Background: Very low‐birth‐weight (VLBW) infants are at risk for neurodevelopment impairment. This study assessed the effect of early aggressive parenteral nutrition (PN) on long‐term outcome in VLBW infants. Materials and Methods: Directly after birth, VLBW infants (birth weight <1500 g, n = 142) were randomized to 5 different PN regimes. Controls (n = 46) received glucose and standard‐dose amino acids (AAs; 2.4 g/[kg·d]) from birth onward and pure soybean oil fat emulsion (SOY) on the second day of life. Two intervention groups received glucose, standard‐dose AAs, and lipids from birth onward: SOY (n = 24) or mixed fat emulsion (MIX, n = 25). The 2 other intervention groups received glucose, high‐dose AAs (3.6 g/[kg·d]), and lipids from birth onward: SOY (n = 24) or MIX (n = 23). The primary outcome of this follow‐up study was the composite outcome of “death or major disability” at 2 years corrected age. Secondary outcomes were death, major disabilities, neurodevelopmental scores, and anthropometry. Results: Follow‐up rate was 92% (n = 134). Thirty‐five (26%) infants had died or had a major disability, with no differences between intervention groups and controls. Increased odds for death were observed in the standard‐dose AA‐MIX group (odds ratio, 5.4; 95% confidence interval [CI], 1.1–27.0). Neurodevelopmental scores and incidence of major disabilities did not differ between groups. Growth in the high‐dose AA‐MIX group was enhanced compared with growth in controls at 2 years corrected age (+0.51 [0.01–1.02] weight SDS). Conclusion: This randomized controlled hypothesis‐generating study demonstrated no beneficial effect of early high‐dose AA administration and mixed fat emulsions on survival and neurodevelopmental outcome in VLBW infants, although growth was enhanced.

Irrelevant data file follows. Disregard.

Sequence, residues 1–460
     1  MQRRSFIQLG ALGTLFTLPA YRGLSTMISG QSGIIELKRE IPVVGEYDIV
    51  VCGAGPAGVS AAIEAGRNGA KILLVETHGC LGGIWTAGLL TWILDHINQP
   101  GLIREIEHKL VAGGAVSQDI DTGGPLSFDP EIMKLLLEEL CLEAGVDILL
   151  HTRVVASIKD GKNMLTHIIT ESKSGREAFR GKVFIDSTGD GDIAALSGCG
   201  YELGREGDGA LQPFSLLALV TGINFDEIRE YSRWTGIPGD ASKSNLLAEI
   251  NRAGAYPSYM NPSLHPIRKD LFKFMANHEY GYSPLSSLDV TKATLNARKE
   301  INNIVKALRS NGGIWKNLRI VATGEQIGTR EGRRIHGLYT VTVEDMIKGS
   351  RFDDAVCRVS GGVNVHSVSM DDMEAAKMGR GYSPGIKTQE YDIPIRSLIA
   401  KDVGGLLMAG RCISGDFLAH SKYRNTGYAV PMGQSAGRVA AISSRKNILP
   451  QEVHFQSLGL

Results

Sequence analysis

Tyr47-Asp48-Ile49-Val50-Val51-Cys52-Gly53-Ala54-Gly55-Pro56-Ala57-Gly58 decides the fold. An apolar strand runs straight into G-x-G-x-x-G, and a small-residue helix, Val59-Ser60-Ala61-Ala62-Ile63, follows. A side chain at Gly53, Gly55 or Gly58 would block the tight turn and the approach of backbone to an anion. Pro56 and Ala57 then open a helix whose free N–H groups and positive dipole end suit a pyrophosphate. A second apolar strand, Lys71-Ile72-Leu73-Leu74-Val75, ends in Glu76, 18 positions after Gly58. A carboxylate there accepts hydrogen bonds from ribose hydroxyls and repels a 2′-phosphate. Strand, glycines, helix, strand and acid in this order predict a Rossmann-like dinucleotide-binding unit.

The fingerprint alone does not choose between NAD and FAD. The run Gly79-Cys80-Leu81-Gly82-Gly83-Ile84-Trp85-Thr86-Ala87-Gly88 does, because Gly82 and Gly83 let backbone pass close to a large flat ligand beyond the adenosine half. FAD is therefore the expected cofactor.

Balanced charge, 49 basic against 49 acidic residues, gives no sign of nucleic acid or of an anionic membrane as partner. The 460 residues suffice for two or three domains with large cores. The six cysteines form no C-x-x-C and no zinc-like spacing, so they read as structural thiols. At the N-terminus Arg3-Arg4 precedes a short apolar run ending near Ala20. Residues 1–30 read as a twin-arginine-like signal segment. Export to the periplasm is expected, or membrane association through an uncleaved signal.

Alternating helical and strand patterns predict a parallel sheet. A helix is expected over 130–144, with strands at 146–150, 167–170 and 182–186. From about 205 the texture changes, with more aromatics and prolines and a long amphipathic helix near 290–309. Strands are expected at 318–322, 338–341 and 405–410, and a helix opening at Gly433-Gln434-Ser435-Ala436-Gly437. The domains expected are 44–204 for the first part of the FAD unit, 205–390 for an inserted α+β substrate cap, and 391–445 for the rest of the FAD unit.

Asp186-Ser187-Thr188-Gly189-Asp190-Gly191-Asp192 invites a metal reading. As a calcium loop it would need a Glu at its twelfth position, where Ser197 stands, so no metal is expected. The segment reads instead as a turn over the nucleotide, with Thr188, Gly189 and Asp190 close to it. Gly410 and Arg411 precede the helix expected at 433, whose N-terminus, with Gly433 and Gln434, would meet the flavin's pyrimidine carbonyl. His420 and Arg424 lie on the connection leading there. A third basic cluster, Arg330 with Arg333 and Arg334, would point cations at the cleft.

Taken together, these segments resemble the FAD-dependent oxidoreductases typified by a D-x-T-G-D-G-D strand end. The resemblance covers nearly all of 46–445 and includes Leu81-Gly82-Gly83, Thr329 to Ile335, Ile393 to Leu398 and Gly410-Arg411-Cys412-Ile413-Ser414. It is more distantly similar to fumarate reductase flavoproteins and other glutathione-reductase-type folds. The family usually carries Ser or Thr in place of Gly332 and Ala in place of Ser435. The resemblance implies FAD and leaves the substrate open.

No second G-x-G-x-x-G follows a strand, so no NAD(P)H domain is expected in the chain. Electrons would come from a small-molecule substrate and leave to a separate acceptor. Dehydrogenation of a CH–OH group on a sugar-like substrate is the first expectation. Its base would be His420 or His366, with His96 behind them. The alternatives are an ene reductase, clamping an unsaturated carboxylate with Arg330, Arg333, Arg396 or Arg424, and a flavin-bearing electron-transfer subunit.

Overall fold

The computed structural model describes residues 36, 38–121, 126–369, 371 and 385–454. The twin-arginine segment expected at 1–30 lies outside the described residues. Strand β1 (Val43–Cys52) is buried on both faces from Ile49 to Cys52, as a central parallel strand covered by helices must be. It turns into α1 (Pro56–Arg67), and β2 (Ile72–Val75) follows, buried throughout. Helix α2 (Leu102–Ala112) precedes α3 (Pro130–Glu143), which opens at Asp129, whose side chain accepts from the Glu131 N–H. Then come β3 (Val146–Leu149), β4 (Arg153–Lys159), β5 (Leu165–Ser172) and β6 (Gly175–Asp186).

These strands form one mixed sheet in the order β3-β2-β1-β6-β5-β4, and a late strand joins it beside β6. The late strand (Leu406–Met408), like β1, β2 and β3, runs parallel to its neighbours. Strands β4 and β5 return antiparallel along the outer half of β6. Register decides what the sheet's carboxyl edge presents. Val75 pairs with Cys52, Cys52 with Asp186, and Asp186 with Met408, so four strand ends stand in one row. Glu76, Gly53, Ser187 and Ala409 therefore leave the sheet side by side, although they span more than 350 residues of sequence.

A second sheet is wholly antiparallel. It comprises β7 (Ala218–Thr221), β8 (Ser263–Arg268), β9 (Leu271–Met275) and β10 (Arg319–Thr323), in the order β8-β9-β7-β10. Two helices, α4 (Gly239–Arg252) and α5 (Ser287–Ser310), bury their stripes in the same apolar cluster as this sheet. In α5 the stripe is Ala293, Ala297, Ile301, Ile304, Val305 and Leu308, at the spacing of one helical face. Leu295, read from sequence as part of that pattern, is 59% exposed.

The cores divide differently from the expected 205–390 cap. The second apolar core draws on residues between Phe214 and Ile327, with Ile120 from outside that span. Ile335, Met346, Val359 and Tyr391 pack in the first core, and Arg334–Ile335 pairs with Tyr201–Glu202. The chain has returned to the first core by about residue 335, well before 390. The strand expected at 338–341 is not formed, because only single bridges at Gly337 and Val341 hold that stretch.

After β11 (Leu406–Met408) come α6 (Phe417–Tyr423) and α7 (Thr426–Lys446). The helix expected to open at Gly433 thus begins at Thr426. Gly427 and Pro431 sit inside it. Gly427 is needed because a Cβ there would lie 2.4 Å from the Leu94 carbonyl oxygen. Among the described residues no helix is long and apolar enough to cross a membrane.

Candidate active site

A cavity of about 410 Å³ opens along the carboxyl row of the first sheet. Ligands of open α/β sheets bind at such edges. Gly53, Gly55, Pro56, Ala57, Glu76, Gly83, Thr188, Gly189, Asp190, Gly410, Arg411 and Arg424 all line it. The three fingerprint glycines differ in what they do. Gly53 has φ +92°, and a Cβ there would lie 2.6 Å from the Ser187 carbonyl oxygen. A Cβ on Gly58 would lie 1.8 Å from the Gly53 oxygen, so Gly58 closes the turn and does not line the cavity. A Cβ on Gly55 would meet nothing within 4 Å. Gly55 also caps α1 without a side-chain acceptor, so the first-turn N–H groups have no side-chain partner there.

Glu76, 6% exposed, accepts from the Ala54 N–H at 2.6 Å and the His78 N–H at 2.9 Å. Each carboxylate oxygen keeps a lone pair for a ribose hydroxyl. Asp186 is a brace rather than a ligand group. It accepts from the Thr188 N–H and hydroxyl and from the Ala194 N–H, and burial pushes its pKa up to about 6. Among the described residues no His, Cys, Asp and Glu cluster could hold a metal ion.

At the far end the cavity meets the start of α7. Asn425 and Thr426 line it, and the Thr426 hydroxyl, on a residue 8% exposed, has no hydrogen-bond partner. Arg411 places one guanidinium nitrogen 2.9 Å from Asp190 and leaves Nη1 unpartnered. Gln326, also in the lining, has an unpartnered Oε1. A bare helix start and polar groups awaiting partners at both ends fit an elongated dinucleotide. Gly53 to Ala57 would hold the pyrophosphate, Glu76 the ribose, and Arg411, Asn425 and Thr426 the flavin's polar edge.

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Journal Journal of Parenteral and Enteral Nutrition
Roelants, J.A, Vlaardingerbroek, H, van den Akker, C.H.P, de Jonge, R.C.J, van Goudoever, J.B, & Vermeulen, M.J. (2018). Two-Year Follow-up of a Randomized Controlled Nutrition Intervention Trial in Very Low-Birth-Weight Infants. Journal of Parenteral and Enteral Nutrition, 42(1), 122–130. doi:10.1177/0148607116678196